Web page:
reveled in the prostrated liberties of his country, while he
immortalizes those few who were faithful to duty and conscience in a
degenerate age. But his writings were not so popular as those of Livy.
Neither princes nor people relished his intellectual independence and
moral elevation. He does not satisfy Dr. Arnold, who thinks he ought to
have been better versed in the history of the Jews, and who dislikes his
speeches because they were fictitious.

[Sidenote: Qualities which give immortality to historians.]

Neither the Latin nor Greek historians are admired by those dry critics,
who seek to give to rare antiquarian matter a disproportionate
importance, and to make this matter as fixed and certain as the truths
of natural science. History can never be other than an approximation to
the truth, even when it relates to the events and characters of our own
age. History does not give positive knowledge which cannot be disputed
except in general terms. We _know_ that Caesar was ambitious, but we
do not know whether he was more or less so than Pompey, nor do we know
how far he was justified in his usurpation. A great history must have
other merits than mere accuracy, or antiquarian research, or display of
authorities and notes. It must be a work of art, and art has reference
to style and language, to grouping of details and richness of
illustration, to eloquence and poetry and beauty. A dry history, if ever
so learned, will never be read; it will only be consulted, like a law-
book, or Mosheim's "Commentaries." We wish _life_ in history, and
it is for the life that the writings of Livy and Tacitus will be
perpetuated. Voltaire and Schiller have no great merit as historians, in
a technical sense, but the "Life of Charles XII." and the "Thirty Years'
War" are still classics. Neander has written one of the most searching
and recondite histories of modern times, but it is too dry, too
deficient in art, to be cherished, and may pass away, like the
voluminous writings of Varro, the most learned of the Romans. It is the
_art_ which is immortal in a book, not the knowledge, or even the
thoughts. What keeps alive the "Provincial Letters"? It is the style,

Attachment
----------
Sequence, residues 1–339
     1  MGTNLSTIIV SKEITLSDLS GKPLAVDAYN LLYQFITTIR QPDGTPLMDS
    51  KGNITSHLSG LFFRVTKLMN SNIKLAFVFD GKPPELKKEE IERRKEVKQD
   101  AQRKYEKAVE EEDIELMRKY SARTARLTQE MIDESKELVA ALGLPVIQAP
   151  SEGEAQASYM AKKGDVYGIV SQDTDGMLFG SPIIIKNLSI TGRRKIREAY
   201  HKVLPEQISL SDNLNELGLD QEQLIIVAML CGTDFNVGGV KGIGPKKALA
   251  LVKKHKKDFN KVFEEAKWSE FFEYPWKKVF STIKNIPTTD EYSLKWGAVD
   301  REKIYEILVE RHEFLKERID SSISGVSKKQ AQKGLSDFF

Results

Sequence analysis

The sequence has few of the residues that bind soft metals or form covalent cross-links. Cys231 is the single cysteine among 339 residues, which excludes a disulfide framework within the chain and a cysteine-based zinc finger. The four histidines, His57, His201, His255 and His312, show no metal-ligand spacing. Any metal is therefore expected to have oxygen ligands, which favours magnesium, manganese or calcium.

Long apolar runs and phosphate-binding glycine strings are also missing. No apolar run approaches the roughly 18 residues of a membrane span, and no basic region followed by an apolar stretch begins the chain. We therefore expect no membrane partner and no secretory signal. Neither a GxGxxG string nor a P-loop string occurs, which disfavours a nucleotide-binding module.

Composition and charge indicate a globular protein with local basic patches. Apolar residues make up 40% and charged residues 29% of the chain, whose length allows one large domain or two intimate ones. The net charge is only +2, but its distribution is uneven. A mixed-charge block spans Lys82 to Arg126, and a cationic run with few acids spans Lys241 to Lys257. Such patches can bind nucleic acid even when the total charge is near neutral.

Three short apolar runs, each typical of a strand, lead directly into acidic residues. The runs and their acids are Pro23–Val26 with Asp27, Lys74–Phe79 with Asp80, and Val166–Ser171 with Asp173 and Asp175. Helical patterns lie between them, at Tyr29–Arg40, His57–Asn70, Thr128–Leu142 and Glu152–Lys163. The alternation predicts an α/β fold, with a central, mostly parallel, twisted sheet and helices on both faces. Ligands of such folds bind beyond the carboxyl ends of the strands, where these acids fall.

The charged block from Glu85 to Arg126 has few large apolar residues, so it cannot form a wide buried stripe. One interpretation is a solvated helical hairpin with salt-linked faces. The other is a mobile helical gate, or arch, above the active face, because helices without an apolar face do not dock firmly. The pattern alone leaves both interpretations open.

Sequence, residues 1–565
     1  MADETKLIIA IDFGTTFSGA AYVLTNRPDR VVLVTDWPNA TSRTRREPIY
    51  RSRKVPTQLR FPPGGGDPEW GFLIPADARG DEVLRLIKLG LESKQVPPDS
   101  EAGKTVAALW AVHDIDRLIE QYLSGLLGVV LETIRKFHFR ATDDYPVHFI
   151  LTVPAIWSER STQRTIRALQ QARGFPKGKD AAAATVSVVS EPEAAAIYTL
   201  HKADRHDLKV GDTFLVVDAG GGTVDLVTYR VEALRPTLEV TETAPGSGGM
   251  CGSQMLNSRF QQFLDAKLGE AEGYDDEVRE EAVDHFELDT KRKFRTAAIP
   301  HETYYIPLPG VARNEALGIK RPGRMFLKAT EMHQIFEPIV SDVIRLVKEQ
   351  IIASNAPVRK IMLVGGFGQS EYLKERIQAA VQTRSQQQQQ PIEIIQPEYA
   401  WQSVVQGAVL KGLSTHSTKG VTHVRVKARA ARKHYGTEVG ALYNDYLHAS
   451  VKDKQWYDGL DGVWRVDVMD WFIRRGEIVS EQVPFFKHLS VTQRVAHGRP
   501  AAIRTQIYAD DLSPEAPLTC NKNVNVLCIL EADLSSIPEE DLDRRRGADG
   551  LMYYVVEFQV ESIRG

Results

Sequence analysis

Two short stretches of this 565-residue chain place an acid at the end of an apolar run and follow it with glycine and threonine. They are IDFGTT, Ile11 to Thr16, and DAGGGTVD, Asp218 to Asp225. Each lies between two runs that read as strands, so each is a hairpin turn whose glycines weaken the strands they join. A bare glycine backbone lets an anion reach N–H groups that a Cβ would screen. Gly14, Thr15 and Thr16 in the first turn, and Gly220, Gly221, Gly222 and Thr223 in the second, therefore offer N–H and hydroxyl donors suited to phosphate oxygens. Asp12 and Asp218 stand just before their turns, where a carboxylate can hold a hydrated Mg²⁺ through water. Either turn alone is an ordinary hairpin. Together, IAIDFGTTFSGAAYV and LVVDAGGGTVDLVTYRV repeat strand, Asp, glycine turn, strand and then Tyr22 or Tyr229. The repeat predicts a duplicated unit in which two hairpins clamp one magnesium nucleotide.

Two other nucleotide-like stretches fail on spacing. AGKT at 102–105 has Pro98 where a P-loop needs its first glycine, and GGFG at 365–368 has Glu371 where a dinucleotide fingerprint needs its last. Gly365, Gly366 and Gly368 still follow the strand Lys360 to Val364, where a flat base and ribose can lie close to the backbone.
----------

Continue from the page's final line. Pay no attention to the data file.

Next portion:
the irony, the elegance. It is the exquisite delineation of character,
the moral wisdom, the purity and force of language, the artistic
arrangement, and the lively and interesting narratives, appealing to all
minds, like the "Arabian Nights," or Froissart's "Chronicles," which
give immortality to the classic authors of antiquity. We will not let
them perish, because they amuse us, and inspire us. Livy doubtless was
too ambitious in aspiring to write accurately the whole history of his
country. He would have been wiser had he confined himself to a
particular epoch, of which he was conversant, like Tacitus and
Thucydides. But it is taking a narrow view of history to make all
writers after the same pattern, even as it would be bigoted to make all
Christians belong to the same sect. Some will be remarkable for style,
others for learning, and others again for moral and philosophical
wisdom. Some will be minute, and others generalizing. Some dig out a
multiplicity of facts without apparent object, and others induce from
those facts. Some will make essays, and others chronicles. We have need
of all styles and all kinds of excellence. A great and original thinker
may not have the time or opportunity or taste for a minute and searching
criticism of original authorities; but he may be able to generalize
previously established facts, so as to draw most valuable moral
instruction. History is a boundless field of inquiry. No man can master
it, in all its departments and periods. What he gains in minute details,
he is apt to lose in generalization. If he attempts to embody too much
learning, he may be deficient in originality; if he would say every
thing, he is apt to be dry; if he elaborates too much, he loses life.
Society, too, requires different kinds and styles of history, - history
for students, history for ladies, histories for old men, histories for
young men, histories to amuse, and histories to instruct. If all men
were to write history according to Dr. Arnold's views, then we should